Düsseldorf (Germany) 1 April 2016 – At the upcoming "Spray Drying and Atomisation of Formulations” course, taking place at the University of Leeds, UK, in April (12-14), Henrik Schwartzbach from GEA will give a presentation on scaling up and modelling the spray drying process. During the course, held in partnership with iFormulate Ltd and supported by ProCept, delegates will gain an understanding of how fluid properties, rheology and atomisation performance influence spray drying, learn how to manipulate drying parameters to affect product microstructure, material properties and quality parameters, and ensure safe operation.

Offering a practical course involving demonstrations, theory and real industrial case studies, industry and academic experts will provide essential scientific background information as well as practical hands-on laboratory demonstrations. Plus, following the success of the 2015 course, the 2016 programme now includes an additional half day to look at powder finishing, modelling and future developments in spray drying. 

Day one will focus on the theory of spray drying and the atomisation of formulations and will include practical demonstrations. On day two, experienced specialists will show how the science of spray drying has been applied to influence the properties of real formulated products during "Industrial Formulation Case Studies.” Finally, day three will look at powder finishing, modelling and the future of spray drying.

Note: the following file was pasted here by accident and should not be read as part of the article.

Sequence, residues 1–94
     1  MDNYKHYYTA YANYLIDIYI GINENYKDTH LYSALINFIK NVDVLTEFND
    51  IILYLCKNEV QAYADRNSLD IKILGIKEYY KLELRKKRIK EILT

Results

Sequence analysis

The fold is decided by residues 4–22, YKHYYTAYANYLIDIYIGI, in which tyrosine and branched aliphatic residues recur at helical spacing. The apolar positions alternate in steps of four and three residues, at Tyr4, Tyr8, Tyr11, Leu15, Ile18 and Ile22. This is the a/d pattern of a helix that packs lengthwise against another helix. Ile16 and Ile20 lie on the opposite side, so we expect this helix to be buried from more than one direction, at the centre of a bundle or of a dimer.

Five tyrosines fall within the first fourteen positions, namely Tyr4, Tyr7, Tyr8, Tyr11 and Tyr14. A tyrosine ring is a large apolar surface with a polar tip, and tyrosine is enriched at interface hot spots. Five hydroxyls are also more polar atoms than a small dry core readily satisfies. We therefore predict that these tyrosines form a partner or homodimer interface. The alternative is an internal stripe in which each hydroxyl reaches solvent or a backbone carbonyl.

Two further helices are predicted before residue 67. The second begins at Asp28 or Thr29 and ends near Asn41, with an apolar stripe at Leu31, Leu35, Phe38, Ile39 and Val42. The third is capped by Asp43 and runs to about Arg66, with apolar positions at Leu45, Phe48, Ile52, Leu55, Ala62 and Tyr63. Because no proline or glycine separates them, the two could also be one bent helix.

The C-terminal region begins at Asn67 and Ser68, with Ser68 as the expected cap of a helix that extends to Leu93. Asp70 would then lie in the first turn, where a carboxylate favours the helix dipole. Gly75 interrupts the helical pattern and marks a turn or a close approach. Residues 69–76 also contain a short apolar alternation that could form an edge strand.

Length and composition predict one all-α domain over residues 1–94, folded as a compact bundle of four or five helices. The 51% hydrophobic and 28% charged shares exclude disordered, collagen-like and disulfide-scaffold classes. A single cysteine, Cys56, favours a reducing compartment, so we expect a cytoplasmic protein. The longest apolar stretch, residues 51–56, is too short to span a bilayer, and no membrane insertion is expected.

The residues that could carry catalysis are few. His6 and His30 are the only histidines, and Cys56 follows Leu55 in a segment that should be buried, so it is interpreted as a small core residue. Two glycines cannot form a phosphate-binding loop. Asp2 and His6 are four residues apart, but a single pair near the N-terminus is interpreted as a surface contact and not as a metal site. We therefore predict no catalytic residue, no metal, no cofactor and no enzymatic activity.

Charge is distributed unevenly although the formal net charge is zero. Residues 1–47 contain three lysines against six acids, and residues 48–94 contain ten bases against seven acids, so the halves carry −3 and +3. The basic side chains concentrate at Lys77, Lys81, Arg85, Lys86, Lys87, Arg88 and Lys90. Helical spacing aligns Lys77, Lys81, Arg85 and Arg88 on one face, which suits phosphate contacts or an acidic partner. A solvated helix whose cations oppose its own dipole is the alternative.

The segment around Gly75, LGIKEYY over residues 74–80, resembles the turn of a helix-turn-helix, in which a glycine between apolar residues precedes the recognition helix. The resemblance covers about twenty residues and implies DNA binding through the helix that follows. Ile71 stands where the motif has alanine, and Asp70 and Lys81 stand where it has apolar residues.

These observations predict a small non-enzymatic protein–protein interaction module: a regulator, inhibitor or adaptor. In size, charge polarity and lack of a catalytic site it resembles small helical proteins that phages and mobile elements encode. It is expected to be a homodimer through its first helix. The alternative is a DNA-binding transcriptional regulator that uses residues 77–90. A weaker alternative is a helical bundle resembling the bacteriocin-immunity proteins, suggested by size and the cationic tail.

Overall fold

GEA is a global supplier of spray drying technology for a wide range of industries, including food, dairy, pharmaceutical and chemical, and a regular contributor to industry conferences, workshops and symposia. This is the third time the company has presented at this event, having been impressed by the attendance and interest shown previously. Henrik Schwartzbach will be presenting on behalf of GEA. He is a chemical engineer and has been working for GEA since 1992, specialising in R&D and optimizing spray-drying processes. Focusing on scale-up techniques for the last few years, Henrik has developed an in-depth knowledge and expertise at the cutting edge of pharmaceutical spray drying. As a senior process technologist at GEA, he is deeply involved in setting and improving industry standards for the sector. “I’ve spoken at the event a number of times, now, and remain very impressed by the faculty of speakers, the course content and the knowledge and level of interest from the attendees,” said Henrik. “It’s a great pleasure to be invited back to participate once again.” Throughout the event, Henrik will be available to answer any questions and provide further insight into this flexible, reproducible, efficient and economical technique.

With a long history of serving the pharmaceutical industry, GEA can supply spray dryers for R&D and product development, as well as modules, equipment and complete lines for cGMP, continuous and highly contained production, for excipients, APIs and finished products. In their test facilities around the world, including the world’s largest and most advanced spray drying technology centre in Copenhagen, Denmark, GEA has 75 pilot plants where they can process your formulation – be it an emulsion, a suspension or a solution – into a dry product. A pioneer in all aspects of spray drying with more than 10,000 contracted and installed plants worldwide, GEA can help you to choose the most suitable equipment, assessing each project on its individual needs and tailor the process and the spray dryer to match your specific requirements.

The course is intended for a specialist audience of scientists, engineers, and university researchers who have a particular interest in the optimisation of spray drying processes in the chemical and pharmaceutical sectors. The last booking date for the event is 11 April 2016. Enquiries and reservations can be made by emailing cpd@engineering.leeds.ac.uk.

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